Redux also has a built-in block dependency installer. When importing third-party templates or blocks, it will check if the plugin is installed and active. If not, it will take care of that for users.
The end goal is to ease the trouble of finding advanced block templates. Currently, most of the block templating plugins are dispersed, projects wondering around the wild. Users cannot find what they need if they do not know where to look. Redux changes all of that. Currently, it supports 18 different block plugins. It serves to give more exposure to existing block plugins and helps users discover solutions they might not have otherwise found.
On the post-editing screen, the plugin adds a new “Templates” button to the top toolbar. Once clicked, it opens a popup with its library of sections, templates, and template kits.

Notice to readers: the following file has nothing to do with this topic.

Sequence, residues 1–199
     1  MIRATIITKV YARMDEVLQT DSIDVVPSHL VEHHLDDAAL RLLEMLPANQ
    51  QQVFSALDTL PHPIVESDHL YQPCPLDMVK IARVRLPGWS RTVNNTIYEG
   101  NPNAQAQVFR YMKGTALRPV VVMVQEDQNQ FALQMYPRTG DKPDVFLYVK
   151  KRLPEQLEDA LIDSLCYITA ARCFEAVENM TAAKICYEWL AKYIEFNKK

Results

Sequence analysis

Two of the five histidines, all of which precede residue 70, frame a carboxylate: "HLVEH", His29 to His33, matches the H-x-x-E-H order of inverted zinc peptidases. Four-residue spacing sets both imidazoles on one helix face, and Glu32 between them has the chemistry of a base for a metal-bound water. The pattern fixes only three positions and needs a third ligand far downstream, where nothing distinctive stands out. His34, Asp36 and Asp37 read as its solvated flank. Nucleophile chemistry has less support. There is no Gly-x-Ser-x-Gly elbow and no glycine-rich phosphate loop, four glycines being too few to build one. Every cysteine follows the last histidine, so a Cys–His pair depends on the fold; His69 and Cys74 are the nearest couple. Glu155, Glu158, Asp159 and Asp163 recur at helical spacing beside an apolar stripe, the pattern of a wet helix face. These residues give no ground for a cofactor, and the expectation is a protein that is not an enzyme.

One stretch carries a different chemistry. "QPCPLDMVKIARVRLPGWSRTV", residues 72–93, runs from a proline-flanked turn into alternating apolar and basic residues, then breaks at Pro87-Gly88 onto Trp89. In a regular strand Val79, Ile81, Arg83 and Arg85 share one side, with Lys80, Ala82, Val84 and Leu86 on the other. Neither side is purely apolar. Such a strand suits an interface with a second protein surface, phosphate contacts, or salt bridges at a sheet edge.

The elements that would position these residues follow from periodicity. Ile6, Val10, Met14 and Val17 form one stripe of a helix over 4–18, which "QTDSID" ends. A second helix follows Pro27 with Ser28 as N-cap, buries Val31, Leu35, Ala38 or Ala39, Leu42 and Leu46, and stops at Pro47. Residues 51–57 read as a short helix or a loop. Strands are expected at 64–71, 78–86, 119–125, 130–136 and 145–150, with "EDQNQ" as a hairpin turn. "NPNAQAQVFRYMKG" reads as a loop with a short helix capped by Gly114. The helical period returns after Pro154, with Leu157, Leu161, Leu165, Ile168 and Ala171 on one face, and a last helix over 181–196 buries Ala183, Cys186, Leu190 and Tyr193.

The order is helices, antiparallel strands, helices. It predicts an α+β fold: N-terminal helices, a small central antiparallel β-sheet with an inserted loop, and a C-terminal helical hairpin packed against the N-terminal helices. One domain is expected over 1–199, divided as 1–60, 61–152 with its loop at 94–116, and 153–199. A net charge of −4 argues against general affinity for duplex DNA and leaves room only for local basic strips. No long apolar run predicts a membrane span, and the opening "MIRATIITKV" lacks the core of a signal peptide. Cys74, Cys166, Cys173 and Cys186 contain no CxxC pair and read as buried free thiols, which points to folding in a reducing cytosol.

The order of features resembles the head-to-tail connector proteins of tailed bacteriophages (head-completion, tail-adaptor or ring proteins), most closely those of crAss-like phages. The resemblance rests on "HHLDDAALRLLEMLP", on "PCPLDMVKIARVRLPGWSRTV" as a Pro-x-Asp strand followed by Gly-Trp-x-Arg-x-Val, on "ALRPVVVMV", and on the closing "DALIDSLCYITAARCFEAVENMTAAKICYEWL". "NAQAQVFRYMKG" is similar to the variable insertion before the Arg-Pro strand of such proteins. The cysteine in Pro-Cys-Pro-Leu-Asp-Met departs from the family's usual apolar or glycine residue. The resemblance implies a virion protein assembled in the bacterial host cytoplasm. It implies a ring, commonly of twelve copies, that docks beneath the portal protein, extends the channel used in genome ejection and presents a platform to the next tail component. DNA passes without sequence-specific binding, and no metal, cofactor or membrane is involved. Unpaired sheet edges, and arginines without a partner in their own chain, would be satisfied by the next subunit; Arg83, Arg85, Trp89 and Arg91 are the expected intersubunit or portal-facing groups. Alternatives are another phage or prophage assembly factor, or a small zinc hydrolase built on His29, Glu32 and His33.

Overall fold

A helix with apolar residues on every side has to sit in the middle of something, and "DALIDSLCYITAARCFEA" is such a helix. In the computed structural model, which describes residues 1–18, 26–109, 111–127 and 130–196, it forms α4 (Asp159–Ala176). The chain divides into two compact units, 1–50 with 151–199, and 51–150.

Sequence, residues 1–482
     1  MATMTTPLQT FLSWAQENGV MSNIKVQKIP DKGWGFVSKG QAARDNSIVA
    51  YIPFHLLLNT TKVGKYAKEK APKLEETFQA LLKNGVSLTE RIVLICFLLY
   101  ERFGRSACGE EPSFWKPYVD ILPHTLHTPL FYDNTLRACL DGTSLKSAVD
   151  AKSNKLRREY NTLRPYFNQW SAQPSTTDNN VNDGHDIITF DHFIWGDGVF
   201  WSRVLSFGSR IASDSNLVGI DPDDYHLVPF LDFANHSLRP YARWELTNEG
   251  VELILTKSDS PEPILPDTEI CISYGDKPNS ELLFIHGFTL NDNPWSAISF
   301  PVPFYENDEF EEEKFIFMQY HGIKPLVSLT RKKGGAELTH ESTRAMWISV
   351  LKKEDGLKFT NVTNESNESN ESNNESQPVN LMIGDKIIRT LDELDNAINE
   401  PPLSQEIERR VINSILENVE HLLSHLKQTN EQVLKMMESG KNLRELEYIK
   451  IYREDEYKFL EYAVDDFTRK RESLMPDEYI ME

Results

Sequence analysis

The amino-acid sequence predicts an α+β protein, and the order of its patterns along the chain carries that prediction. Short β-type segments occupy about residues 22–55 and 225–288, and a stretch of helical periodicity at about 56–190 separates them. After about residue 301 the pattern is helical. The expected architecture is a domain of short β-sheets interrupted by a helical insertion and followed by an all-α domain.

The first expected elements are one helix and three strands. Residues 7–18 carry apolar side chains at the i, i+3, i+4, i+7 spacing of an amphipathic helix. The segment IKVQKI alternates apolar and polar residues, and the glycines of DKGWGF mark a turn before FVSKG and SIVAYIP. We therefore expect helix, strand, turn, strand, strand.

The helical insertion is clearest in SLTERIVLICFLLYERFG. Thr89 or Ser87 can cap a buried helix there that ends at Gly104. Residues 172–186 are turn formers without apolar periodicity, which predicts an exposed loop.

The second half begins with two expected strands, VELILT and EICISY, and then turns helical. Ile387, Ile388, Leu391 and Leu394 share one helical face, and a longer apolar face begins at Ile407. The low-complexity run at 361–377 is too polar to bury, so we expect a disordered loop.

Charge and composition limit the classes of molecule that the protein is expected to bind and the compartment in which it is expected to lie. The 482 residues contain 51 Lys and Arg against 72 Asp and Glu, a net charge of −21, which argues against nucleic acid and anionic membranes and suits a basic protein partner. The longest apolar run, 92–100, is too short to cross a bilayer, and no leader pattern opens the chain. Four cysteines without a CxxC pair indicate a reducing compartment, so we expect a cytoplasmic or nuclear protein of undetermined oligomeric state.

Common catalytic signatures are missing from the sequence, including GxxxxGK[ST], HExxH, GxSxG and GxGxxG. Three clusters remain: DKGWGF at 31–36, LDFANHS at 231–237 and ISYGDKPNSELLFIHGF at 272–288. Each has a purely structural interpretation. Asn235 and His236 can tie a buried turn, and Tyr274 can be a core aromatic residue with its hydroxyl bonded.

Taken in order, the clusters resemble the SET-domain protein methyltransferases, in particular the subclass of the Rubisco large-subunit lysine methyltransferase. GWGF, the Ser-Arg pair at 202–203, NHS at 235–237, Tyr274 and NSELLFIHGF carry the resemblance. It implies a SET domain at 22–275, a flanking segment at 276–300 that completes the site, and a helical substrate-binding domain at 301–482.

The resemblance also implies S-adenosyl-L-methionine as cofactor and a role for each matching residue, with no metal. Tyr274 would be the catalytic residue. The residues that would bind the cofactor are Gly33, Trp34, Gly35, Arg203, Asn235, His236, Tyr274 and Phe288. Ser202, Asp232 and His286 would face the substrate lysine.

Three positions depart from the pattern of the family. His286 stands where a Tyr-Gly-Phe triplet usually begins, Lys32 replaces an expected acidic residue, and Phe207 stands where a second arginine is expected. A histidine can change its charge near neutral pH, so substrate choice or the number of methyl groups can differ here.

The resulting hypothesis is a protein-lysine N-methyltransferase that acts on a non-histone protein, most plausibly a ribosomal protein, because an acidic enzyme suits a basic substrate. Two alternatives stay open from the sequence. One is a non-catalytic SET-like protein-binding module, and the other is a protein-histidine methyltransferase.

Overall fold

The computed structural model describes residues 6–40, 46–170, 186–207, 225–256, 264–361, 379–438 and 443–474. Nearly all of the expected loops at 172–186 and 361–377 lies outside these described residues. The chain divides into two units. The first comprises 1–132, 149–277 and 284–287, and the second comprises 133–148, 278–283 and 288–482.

One of the nicer features of the plugin is its previewer. By clicking the preview button, users can see what a section or template looks like before importing anything. On the left side of the previewer, the plugin displays tabs that show what blocks are used and what required plugins would need to be installed and activated.
Redux leaves little to the imagination. Any necessary information about what is being installed is directly available. Plus, it provides links to any plugins that might be installed.
The great thing is that the Templates feature does not lock the user down to the Redux plugin. If a user wants to deactivate Redux in the future, nothing will change with their blocks. It is primarily serving as a bridge between end-users and the massive world of block projects.
“We see the future of options being diminished in the long run by blocks, so we found a way to move into that space to keep Redux always on the cutting edge,” said Paukstys. His team completely rewrote the underlying framework and brought everything up to the WordPress coding standards.
The move to support blocks is more of a repositioning of a project whose days were numbered.